24 Oct, 2018
Guide to Chiller Technologies
This is an independent guide produced by Mitsubishi Electric to enhance the knowledge of its customers and provide a view of the key issues facing our industry today. This guide accompanies a series of seminars, all of which are CPD certified.
The drive to save energy in buildings
The key challenges for commercial buildings over the next 20 years are energy efficiency and carbon reduction. The Committee on Climate Change is focused on a 50% reduction in carbon emissions from 1990 levels by 2025. Largely, this goal is the common denominator behind all current legislation and initiatives set up by the Government. Even though the UK Government in July 2015 abolished plans for all non-domestic buildings to be zero carbon by 2019, the current legislation still stands – and more will be imposed via the European Union. As a result building designers, managers and owners must still comply with Part L of the Building Regulations, which concerns itself with the conservation of fuel and power. This legislation was updated in April 2014 to reflect the increasing focus on carbon reduction, with a new target of 9% improvement on the levels set under Part L 2010. This update to Part L included the introduction of minimum energy efficiency targets for air conditioning and lighting replacements.
As well as the revision of Part L, there has been a raft of regulations such as Energy Performance Certificates (EPCs) and the new Energy Saving Opportunities Scheme (ESOS) that were designed to drive greater energy efficiencies in buildings and across businesses as a whole.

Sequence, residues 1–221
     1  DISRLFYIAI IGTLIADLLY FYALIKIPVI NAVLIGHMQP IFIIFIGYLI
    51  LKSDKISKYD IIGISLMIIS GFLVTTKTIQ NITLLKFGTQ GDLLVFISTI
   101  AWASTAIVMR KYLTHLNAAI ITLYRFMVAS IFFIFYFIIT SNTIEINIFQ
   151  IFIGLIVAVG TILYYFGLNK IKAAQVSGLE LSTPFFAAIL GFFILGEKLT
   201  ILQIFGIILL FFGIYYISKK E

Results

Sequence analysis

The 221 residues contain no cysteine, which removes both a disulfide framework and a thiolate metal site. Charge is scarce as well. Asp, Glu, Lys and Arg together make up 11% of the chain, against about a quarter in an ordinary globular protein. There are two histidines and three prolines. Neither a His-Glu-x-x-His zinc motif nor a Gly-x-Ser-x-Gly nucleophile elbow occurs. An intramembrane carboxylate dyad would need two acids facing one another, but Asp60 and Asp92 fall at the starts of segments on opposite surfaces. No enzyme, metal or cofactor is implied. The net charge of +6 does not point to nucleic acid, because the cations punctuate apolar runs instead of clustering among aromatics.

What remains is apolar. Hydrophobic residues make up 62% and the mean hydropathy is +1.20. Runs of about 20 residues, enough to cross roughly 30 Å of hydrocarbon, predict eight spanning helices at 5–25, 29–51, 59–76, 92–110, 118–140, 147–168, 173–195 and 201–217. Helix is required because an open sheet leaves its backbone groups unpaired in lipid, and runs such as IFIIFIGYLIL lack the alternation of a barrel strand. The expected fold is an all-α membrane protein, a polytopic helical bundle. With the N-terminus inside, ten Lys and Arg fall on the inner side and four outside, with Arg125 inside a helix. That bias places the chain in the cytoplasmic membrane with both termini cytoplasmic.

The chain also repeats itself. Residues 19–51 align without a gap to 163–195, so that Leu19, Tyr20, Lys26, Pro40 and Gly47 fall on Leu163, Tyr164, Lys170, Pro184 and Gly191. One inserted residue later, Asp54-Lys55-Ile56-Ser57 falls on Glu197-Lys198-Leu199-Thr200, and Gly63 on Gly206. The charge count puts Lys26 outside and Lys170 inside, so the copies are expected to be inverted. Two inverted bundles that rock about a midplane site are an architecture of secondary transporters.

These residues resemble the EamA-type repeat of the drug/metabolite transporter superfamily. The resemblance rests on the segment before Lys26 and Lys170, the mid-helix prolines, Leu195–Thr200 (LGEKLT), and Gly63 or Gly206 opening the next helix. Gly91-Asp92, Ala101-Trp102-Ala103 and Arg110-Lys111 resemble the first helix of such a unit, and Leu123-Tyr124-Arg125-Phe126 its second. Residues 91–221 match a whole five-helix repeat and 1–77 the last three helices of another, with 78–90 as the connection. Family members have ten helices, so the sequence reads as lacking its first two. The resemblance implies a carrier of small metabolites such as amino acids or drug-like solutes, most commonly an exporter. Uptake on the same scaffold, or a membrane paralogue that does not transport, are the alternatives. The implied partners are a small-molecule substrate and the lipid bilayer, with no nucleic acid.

The other major driver in the bid to save energy in our buildings is, of course, the rise in energy prices. According to the Competition and Markets Authority, gas and electricity prices have risen by 125% and 75% respectively in the past ten years. The Energy Managers’ Association is predicting that this upward trend will continue, and we may even see some businesses pushed into ‘fuel poverty’ before too long. These conditions have all converged to drive product innovation by manufacturers to ensure their ranges meet energy performance requirements required by law. It is widely accepted that building services use the bulk of energy in most non-domestic buildings – around 80% according to bodies such as the Carbon Trust. Equipment for air conditioning, ventilation, heating and lighting has been under the microscope by designers to find ways to save as much energy as possible.
Chillers and their functions